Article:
Zmeskal listened to the criticisms—that her routines and dismounts lacked a high degree of difficulty—and quietly determined to prove her detractors wrong. She increased the technical difficulty of her tumbling, and the next time she faced Boginskaya, in the World Individual Apparatus championships in Paris in April, she proved that her win in Indianapolis had been no fluke. She took home gold medals in the balance beam and the floor exercise, the only competitor to win two events. The best Boginskaya could do was win a silver in the vault. "The die was cast in Indianapolis," says Karolyi. "This is something that's eternal. Slowly but surely they all get ground up by the wheel of time, just like all the big ones before them. Nadia, Mary Lou. And now Svetlana. You feel sorry about that. We don't want change to come. But it's natural." Zmeskal's performance in Paris establishes her as the consensus favorite in Barcelona. Asked if that worries her, she says matter-of-factly, "I usually do better when I'm under pressure. I'm lucky to have pressure on me."
Half a world away, Boginskaya climbs into a taxi with three foreign journalists to spend an unsupervised day in Moscow. A year ago this would have been unthinkable. But a year ago the food at the Round Lake training complex was better and more varied than it is today, the gymnasts' monthly government allotment of 2,500 rubles arrived on time, and Boginskaya and her teammates were competing for the Soviet Union. "I am now a Belarussian," she says, "but I feel myself a Soviet. Or even a Russian." Round Lake, after all, is in Russia, and it has been four months since she has been home to Minsk.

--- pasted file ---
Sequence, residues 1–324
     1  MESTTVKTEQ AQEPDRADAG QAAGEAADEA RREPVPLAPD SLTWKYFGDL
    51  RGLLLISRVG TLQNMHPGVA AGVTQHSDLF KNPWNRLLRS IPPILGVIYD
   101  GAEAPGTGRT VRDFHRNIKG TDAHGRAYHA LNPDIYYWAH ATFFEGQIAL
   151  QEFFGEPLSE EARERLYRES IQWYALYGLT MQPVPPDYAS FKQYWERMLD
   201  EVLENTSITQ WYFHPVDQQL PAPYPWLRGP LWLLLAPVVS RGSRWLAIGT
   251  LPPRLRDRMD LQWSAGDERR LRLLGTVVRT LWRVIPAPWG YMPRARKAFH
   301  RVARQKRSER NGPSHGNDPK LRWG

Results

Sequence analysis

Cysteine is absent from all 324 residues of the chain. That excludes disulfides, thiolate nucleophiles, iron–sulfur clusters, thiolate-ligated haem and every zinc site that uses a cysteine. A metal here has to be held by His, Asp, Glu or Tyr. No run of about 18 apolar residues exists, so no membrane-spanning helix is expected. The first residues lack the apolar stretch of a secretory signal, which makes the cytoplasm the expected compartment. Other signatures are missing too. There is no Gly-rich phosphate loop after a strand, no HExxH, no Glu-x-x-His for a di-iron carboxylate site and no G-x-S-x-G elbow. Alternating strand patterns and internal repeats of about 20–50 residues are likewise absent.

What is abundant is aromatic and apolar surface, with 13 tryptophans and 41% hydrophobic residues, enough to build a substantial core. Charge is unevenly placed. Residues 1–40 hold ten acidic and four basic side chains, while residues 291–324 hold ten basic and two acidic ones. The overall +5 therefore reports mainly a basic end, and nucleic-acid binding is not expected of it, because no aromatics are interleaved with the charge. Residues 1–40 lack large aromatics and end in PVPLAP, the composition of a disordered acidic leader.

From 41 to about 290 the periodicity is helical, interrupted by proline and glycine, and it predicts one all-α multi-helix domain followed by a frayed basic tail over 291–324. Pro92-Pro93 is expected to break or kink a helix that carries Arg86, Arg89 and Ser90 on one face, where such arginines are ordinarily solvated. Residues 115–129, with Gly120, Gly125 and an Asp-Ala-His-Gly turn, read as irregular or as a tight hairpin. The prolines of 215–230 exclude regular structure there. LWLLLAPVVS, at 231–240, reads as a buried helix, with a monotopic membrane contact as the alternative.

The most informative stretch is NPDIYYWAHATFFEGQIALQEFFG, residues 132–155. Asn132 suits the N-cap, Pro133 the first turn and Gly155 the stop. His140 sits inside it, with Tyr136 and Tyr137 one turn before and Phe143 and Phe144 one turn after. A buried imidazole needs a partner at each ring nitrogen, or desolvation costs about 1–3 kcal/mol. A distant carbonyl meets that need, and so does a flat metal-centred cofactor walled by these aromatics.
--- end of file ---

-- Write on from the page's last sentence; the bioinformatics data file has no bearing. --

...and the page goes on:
But it is Sunday, her day off, and to get into Moscow is a treat. It's difficult and expensive to get transportation out of Round Lake, so it has been weeks since Boginskaya has gone to the Russian capital. Posing for photographs in Red Square, she goes unrecognized by her compatriots. Gymnastics is not a sport that is popularly followed by ordinary Russians, who, in any event, have more important things on their minds than Olympic athletes.
Boginskaya has no endorsements, no job offers and very few prospects within her own country beyond the $3,000 bonus from the Russian Olympic Committee that a gold medal from Barcelona would be worth. But if Boginskaya's gymnastic prowess goes unrecognized in Red Square, her beauty does not. Two Russian youths call to her as she passes. "Hey, sweetie, what's your phone number? You're my dream girl."
"Be serious," she answers, flattered, and keeps walking. This is a Moscow she has never seen, gypsy children begging in the streets, thousands upon thousands of Muscovites lining the sidewalks, selling whatever they've managed to get their hands on—running shoes, vodka, caviar, perfume, blouses—the pitiful beginnings of a fragile market economy. "It's very interesting to walk the streets of Moscow these days," Boginskaya notes. "I like it."
She passes the Bolshoi Theater, remarks that she has never been inside and pines for the opportunity. Spotting a bunch of balloons in the lobby of the Hotel Metropol, she asks if it might be possible to have one. She is given two, red and pink, and totes them along for the rest of the day. Given the opportunity to select any gift she wants from a fancy department store that caters primarily to tourists, she chooses a bright-yellow duckling for her collection of stuffed animals. Part girl, part woman, Boginskaya hopes for one more shining competitive moment that might change her life forever. Yet at lunch, offered a champagne toast to her success in Barcelona, she demurs. "Why should we toast to my success?" she asks. "No." Thinking a moment, she offers these Olympian thoughts instead. "I would like to drink a toast to the flourishing future of all countries," she says.
Two women. Two flourishing futures. May each be the toast of Spain. And may the best one win.